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“Bite-Size Bits of Local, National, and Global History”
“Bite-Size Bits of Local, National, and Global History”
Williamsburg in James City County, Virginia — The American South (Mid-Atlantic)
 

Attempted Settlement

 
 
Attempted Settlement Marker image. Click for full size.
By Bernard Fisher, May 15, 2010
1. Attempted Settlement Marker
Inscription. A small group of Spanish Jesuits attempted a settlement in Virginia in September, 1570. They are said to have entered James river and landed along this creek and crossed the peninsula to establish a mission near York River. Six months later all were massacred by the Indians save for one young boy. He was rescued by a relief expedition in 1572.
 
Location. 37° 13.436′ N, 76° 41.758′ W. Marker is in Williamsburg, Virginia, in James City County. Marker can be reached from Colonial National Historic Parkway 1.7 miles from Virginia Route 199. Click for map. Marker is in this post office area: Williamsburg VA 23185, United States of America.
 
Other nearby markers. At least 8 other markers are within 3 miles of this marker, measured as the crow flies. College Creek (a few steps from this marker); James River (approx. 0.3 miles away); Archers Hope (approx. 1.2 miles away); A Famous African-American Dream (approx. 1.3 miles away); Princess Anne Port (approx. 2.1 miles away); Battle of Williamsburg (approx. 2.1 miles away); Redoubt 1 (approx. 2.2 miles away); Defending the Peninsula (approx. 2.2 miles away). Click for a list of all markers in Williamsburg.
 
Also see . . .
1. Colonial Parkway. (Submitted on May 15, 2010, by Bernard Fisher of Mechanicsville, Virginia.)
Attempted Settlement Marker at College Creek image. Click for full size.
By Bernard Fisher, May 15, 2010
2. Attempted Settlement Marker at College Creek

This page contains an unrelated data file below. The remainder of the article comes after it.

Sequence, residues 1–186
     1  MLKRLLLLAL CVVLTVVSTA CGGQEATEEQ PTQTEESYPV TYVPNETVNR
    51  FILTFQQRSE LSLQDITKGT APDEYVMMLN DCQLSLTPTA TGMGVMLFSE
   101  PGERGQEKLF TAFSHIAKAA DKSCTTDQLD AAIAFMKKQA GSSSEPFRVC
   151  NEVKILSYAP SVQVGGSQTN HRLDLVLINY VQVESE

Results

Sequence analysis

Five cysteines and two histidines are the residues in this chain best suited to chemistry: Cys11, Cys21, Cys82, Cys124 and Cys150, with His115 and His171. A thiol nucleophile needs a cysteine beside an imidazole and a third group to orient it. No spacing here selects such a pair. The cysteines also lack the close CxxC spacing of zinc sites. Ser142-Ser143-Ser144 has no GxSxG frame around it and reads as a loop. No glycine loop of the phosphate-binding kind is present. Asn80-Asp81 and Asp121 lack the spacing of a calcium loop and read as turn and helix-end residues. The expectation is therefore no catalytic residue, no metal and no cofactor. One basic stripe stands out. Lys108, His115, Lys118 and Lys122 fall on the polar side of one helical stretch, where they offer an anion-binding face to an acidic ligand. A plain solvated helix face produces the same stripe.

2. Ajacán Mission. “In August 1570, Father Segura, Father Luis de Quirós, former head of the Jesuit college among the Moors in Spain, and six Jesuit brothers set forth from their base in Havana on their Ajacán Mission. The young Spanish boy Alonso Olmos, called Aloncito, also accompanied the priests. Don Luis served as their guide and interpreter. They stopped partway at Santa Elena for provisioning. On September 10, the party of 10 landed in Ajacán. Some say that the location they chose was at Queen's Creek on the north side of the Virginia Peninsula, near the York River. Recent findings suggest that St. Mary's Mission may have been in the village of Axacam on the New Kent side of Diascund Creek, near its confluence with the Chickahominy River.Others speculate that the location was on the Delaware Bay. ... Another theory places the Jesuit Mission at Aquia Creek, in Patawomeck territory.” (Submitted on August 19, 2011.) 
 
Categories. Churches, Etc.ExplorationNative AmericansSettlements & Settlers
 
 
Credits. This page originally submitted on , by Bernard Fisher of Mechanicsville, Virginia. This page has been viewed 950 times since then and 29 times this year. Photos:   1, 2. submitted on , by Bernard Fisher of Mechanicsville, Virginia. This page was last revised on June 16, 2016.
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